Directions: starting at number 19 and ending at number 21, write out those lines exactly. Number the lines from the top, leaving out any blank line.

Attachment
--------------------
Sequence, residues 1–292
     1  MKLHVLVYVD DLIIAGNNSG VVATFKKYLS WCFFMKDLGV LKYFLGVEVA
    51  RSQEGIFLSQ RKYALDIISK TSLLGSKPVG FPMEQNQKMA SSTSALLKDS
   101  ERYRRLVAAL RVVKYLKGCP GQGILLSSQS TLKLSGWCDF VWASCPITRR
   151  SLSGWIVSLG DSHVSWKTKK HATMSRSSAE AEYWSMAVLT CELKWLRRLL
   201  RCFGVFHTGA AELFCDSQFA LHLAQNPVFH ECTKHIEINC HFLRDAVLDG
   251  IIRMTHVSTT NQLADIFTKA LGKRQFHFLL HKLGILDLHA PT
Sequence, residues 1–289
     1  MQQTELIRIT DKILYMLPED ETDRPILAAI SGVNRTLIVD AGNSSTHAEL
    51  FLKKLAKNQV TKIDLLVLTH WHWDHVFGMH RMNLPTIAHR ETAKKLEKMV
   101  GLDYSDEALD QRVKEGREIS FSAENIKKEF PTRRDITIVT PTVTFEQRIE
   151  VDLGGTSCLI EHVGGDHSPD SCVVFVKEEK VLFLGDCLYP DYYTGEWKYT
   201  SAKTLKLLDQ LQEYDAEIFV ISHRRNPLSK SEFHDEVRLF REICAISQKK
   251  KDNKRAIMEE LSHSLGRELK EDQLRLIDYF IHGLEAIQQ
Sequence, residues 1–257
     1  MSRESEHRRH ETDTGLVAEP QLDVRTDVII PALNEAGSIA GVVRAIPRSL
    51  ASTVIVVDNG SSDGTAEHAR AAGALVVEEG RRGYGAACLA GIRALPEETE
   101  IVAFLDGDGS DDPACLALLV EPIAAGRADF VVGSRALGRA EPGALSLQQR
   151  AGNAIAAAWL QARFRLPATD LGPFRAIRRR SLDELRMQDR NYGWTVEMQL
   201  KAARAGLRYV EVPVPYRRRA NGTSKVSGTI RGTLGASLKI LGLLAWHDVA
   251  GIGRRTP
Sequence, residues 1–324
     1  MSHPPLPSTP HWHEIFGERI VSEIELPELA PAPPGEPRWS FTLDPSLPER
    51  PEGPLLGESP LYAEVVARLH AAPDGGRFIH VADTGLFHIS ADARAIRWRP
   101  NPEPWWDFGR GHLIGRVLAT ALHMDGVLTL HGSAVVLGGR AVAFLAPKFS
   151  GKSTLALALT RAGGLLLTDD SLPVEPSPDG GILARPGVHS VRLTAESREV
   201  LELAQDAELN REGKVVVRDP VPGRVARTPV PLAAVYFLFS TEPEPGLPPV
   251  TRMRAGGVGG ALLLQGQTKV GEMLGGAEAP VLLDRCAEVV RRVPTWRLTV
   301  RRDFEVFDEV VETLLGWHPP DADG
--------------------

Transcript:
   151  AGNAIAAAWL QARFRLPATD LGPFRAIRRR SLDELRMQDR NYGWTVEMQL
   201  KAARAGLRYV EVPVPYRRRA NGTSKVSGTI RGTLGASLKI LGLLAWHDVA
   251  GIGRRTP